We had out our scanning equipment which we’ve been using to digitise our entire louse collection, which you can read about in more detail in this blog post on our Museum website.
As the theme for the night was Oceans, in keeping with our new blue whale display in the main hall and exhibition on wales, we also had a number of marine louse slides for folks to take a closer look at under the microscope.
We also invited folks to help us to process this newly digitised collection by typing in the collection date for each of the marine louse specimen records, using an interface that we developed especially for the night. They did a great job, and processed 129 classifications for us – a great result for a fun night out!
We may be asking for more help with this collection soon, so do keep your eyes peeled.
But in the meantime, a huge thank-you to all of you who are helping us to set our Foraminifera data free, the microscopic single-celled organisms that can tell us so much about the history of our oceans, going back 150 million years!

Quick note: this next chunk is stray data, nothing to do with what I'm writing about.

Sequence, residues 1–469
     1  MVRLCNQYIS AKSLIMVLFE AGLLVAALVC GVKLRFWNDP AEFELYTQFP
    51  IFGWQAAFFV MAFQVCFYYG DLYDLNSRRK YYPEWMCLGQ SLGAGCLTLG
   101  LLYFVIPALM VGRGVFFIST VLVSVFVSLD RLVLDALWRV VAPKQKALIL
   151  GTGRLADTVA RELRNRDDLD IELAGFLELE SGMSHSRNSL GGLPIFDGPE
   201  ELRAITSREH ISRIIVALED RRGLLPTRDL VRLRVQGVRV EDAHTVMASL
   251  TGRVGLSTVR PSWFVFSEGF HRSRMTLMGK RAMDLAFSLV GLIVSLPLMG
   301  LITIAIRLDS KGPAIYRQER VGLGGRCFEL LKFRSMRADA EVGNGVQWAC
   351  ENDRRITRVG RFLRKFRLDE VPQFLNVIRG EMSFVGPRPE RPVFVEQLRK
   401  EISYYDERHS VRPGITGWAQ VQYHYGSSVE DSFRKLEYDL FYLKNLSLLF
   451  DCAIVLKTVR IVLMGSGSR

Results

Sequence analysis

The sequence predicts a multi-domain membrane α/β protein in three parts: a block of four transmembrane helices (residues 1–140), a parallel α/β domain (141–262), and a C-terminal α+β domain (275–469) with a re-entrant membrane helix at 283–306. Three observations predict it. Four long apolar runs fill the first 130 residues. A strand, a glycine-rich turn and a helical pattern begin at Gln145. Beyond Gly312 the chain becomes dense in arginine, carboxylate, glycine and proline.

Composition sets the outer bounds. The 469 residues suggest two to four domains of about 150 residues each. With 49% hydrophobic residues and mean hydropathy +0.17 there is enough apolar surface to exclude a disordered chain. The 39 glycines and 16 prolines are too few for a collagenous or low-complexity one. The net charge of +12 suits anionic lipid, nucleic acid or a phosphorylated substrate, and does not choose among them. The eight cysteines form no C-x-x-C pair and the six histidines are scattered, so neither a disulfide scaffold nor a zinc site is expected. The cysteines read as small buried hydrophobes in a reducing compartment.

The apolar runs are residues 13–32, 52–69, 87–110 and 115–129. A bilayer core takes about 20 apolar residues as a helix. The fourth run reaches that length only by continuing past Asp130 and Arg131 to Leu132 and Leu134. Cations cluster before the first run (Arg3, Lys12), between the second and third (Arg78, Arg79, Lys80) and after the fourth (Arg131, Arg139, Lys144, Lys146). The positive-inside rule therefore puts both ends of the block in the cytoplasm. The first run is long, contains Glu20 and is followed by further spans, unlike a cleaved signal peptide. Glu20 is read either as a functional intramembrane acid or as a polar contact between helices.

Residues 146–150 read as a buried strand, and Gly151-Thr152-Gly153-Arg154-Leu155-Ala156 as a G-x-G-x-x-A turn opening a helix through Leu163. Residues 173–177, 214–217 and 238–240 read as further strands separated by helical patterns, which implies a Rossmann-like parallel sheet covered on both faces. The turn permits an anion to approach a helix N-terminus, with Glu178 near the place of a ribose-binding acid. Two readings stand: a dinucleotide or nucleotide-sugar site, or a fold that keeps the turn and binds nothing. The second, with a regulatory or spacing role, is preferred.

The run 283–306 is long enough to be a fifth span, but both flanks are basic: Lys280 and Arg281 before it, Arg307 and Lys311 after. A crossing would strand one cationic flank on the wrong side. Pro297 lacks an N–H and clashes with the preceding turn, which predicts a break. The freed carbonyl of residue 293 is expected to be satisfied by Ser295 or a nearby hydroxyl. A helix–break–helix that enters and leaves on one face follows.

The University of North Carolina at Chapel Hill Herbarium (NCU) once again seeks the aid of Citizen Scientists! We’d like you to join us for an expedition through the Betulaceae (birch) family!
The Betulaceae has six genera and 167 species within its family. The combined production of edible nuts and the tough bark that denotes this family makes Betulaceae a tough nut to crack! However, we trust that you all will handle it with ease!
It’s always an incentive to lend a hand to the family that gave us hazelnuts! From coffee additives to chocolate bars, what is not to like?! Please help us map these trees across the Southeastern United States, and thank you for your company on our expedition.
We are excited to announce a collaboration with the Florida Museum for their 100th Anniversary. This is a special museum kiosk expedition being used for their special exhibition. Feel free to take a peek, but realize that this expedition is designed to be used as part of a special onsite exhibition.
The expedition will continue with our recent phenology theme, but it will only consist of one question. The idea is to prioritize specimens for future scoring expeditions and to give visitors a sense of how citizen science projects work in a museum context. There is also interpretive material that goes along with the kiosks. In addition, we hope that these onsite visitors will be motivated to check out some of our more extensive expeditions on Notes from Nature.
— The Notes from Nature team